0 bonanova Posted June 26, 2014 Report Share Posted June 26, 2014 (edited) With a point inside a convex pentagon you get five so the answer has to be six or greater. With two points inside a square (hourglass), e.g. (+/-1, 0) inside (+/-3, +/-3) you get (at least) 9. I'll leave that as a target for now. Edit: (Inverted) triangle inside a triangle gets more, at least 22. I'm still counting. Edited June 26, 2014 by bonanova Add solution. Quote Link to comment Share on other sites More sharing options...

0 bonanova Posted June 27, 2014 Report Share Posted June 27, 2014 Triangle-in-triangle array of points. A D E F B C ADBFCEA - mirror and rotational symmetry (1) ABFDCEA - neither symmetry (6) ABFDECA - neither symmetry (6) ABCFDEA - neither symmetry (6) ABCFECA - mirror but not rotational symmetry (3)That gives 22 distinct hexagons, each having six nodes of degree 2. ABFDEFCA - mirror but not rotational symmetry (3). One can argue whether this is a hexagon. It uses all six points as nodes and has no intersection lines. But one of its nodes has degree 4.If allowed, the total grows to 25. Quote Link to comment Share on other sites More sharing options...

0 plasmid Posted June 27, 2014 Report Share Posted June 27, 2014 Admittedly this is brute force and not elegance, but it shows there are at least 29.1. ABCDFE2. ABCEDF3. ABCEFD4. ABCFED5. ABCFDE6. ABDECF7. ABDEFC8. ABDFEC9. ABECFD10. ABEDFC11. ABEFCD12. ABEFDC13. ABFCDE14. ABFEDC15. ACBDEF16. ACBEDF17. ACBEFD18. ACBFDE19. ACBFEDACDEFB (is equivalent to ABFEDC)20. ACDFBEACDFEB (is equivalent to ABEFDC)21. ACEBDFACEFDB (is equivalent to ABDFEC)22. ACFBED23. ACFEBDACFEDB (is equivalent to ABDEFC)24. ADBCEF25. ADBECFADBEFC (is equivalent to ACFEBD)26. ADCBFE27. ADCFBEADCFEB (is equivalent to ABEFCD)28. ADEBCFADEBFC (is equivalent to ACFBED)ADEFBC (is equivalent to ACBFED)ADEFCB (is equivalent to ABCFED)29. ADFCBEAnd there aren't any more novel solutions with that orientation of points.I haven't come up with a way to tell if that's the maximum possible; so far I can only guarantee that it's no greater than 48 if I understand the rules correctly. 1 Quote Link to comment Share on other sites More sharing options...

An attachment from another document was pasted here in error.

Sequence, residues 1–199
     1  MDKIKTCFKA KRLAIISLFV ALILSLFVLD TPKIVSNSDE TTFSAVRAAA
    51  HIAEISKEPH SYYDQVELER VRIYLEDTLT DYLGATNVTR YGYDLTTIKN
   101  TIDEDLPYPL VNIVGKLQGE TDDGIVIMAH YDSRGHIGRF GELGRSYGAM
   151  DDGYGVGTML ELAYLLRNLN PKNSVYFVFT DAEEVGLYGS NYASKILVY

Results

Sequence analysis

0 Perhaps check it again Posted June 27, 2014 Author Report Share Posted June 27, 2014 (edited) bonanova, for your #6 category that was up for debate for three more possible hexagons in your last spoiler, they won't fall under the convex/concave types. That node of degree four that you pointed out will have to disqualify them. Every convex/concave polygon that is not self-intersecting must have a degree of two for all of its nodes/vertices. Edited June 27, 2014 by Perhaps check it again Quote Link to comment Share on other sites More sharing options...

0 bonanova Posted July 8, 2014 Report Share Posted July 8, 2014 plasmid should get the solve. I only arranged his examples in symmetric pairs. Quote Link to comment Share on other sites More sharing options...